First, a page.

In the September issue of Math Horizons, Jordan Ellenberg explains recent progress on the twin primes conjecture; Tommy Ratliff reports from the courtroom, where he finds pi on trial and an illegal prime number; and, in keeping with the Mathematics of Planet Earth 2013 theme, Glen Van Brummelen explores the nuances of finding the qibla, and George Heine explains just how we came to know that the Earth is not quite a perfect sphere. —Stephen Abbott and Bruce Torrence
Volume 21, Issue 1
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Important in its own right, a recent breakthrough by University of New Hampshire professor Tom Zhang represents a major step toward proving one of the most famous mathematical conjectures of all time.
To purchase the article from JSTOR: http://dx.doi.org/10.4169/mathhorizons.21.1.5
Paul K. Stockmeyer
Proportional division problems are more than 3,500 years old, but they continue to charm and challenge new generations of problem-solvers.
To purchase the article from JSTOR: http://dx.doi.org/10.4169/mathhorizons.21.1.8
Our student author reports on his transformative semester abroad in the city of Paul Erdős.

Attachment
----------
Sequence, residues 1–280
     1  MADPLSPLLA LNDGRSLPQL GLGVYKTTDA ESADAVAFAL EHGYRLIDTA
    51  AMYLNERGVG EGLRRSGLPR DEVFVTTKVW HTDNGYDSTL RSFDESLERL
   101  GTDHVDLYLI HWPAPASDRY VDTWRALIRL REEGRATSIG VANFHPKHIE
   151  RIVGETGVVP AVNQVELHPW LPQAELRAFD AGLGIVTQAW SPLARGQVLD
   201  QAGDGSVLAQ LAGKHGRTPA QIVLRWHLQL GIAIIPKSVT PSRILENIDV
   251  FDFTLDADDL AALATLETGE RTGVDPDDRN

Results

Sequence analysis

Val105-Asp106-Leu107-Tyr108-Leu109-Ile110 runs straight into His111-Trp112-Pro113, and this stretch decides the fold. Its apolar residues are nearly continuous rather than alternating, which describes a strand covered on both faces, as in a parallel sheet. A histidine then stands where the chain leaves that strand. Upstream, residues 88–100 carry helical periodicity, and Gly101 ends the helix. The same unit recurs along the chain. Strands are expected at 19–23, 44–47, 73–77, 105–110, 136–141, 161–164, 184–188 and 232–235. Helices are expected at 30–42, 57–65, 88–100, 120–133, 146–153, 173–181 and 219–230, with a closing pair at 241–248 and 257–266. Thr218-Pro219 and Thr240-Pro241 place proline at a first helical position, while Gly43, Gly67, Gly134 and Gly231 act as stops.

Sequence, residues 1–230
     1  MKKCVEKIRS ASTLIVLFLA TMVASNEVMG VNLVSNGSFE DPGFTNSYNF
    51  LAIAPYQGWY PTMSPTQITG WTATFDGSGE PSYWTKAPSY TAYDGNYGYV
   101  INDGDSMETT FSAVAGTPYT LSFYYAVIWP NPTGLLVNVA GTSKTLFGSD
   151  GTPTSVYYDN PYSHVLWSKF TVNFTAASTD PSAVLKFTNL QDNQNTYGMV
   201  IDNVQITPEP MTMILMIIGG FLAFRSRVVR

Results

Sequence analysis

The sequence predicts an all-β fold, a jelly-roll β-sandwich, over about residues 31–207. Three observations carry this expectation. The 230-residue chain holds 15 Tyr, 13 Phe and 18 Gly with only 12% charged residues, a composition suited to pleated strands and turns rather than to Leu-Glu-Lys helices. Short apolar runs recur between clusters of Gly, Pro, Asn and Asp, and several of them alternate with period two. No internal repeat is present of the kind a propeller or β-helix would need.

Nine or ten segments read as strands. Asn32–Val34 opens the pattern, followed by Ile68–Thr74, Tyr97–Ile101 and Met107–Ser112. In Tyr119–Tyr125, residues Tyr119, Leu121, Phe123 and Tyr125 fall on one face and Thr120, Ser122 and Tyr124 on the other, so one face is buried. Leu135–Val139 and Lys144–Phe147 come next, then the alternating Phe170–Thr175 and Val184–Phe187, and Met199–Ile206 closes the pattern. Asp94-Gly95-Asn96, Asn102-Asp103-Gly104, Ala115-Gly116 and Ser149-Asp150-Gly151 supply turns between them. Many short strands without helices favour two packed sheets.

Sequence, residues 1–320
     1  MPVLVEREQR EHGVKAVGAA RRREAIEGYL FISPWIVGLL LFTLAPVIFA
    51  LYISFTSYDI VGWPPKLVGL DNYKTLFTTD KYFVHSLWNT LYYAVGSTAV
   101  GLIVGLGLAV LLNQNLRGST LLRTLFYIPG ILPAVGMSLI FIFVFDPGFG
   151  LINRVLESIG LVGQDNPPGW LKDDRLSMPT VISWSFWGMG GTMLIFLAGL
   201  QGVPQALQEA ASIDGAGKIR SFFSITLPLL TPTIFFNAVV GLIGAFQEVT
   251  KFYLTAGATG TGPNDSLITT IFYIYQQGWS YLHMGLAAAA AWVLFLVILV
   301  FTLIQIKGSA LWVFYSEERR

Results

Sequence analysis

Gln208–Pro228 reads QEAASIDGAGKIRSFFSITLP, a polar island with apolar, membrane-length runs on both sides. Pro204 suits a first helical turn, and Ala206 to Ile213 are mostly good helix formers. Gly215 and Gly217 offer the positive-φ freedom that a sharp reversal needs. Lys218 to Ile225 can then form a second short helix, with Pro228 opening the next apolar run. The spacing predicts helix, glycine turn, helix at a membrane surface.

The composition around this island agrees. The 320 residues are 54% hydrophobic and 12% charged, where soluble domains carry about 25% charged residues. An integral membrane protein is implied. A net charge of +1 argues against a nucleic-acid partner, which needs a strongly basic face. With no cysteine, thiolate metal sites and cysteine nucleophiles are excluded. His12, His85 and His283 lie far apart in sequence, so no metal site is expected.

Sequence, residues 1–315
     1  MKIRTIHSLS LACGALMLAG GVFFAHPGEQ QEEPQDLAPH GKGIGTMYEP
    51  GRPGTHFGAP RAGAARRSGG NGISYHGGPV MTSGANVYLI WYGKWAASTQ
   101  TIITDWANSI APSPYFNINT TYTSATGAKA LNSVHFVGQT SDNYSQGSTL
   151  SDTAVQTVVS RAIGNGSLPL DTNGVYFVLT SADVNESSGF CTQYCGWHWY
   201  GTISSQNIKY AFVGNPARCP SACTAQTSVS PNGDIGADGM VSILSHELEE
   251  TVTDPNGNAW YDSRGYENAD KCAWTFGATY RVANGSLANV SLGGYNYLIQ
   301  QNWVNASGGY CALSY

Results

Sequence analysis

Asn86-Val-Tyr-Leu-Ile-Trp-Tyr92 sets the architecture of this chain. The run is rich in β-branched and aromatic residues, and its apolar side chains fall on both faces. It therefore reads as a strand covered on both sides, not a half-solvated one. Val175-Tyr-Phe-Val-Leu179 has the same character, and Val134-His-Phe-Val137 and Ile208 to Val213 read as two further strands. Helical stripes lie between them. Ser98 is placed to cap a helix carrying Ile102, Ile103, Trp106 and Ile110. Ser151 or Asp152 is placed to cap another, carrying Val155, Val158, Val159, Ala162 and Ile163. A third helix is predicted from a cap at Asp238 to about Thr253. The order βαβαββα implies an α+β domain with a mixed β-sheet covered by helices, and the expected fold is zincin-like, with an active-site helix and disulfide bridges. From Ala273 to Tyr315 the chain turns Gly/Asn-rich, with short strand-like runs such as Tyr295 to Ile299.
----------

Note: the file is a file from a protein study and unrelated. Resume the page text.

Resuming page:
To purchase the article from JSTOR: http://dx.doi.org/10.4169/mathhorizons.21.1.12
Glen Van Brummelen
The widely practiced Muslim ritual of facing Mecca to pray turns out to involve the less widely practiced tools of spherical trigonometry.
To purchase the article from JSTOR: http://dx.doi.org/10.4169/mathhorizons.21.1.15
Is π a copyrightable fact? Can a prime number be illegal? Real court cases about real numbers can be real strange. (pdf)
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A recent math major exits the slow-moving traffic on Wall Street for the fast-paced world of digital advertising.
To purchase the article from JSTOR: http://dx.doi.org/10.4169/mathhorizons.21.1.20
Susan Goldstine, Sophie Sommer, and Ellie Baker
A decorative bracelet illustrating the seven-color theorem makes the four-color theorem seem plane boring.
To purchase the article from JSTOR: http://dx.doi.org/10.4169/mathhorizons.21.1.22
In the early 18th century, questions about the precise shape of the world sent mathematicians to the ends of the earth searching for an answer.
To purchase the article from JSTOR: http://dx.doi.org/10.4169/mathhorizons.21.1.25
The Math Horizons problem section, edited by Derek Smith and Gary Gordon
Did Euler’s choice of notation doom complex numbers to reside in an imaginary world?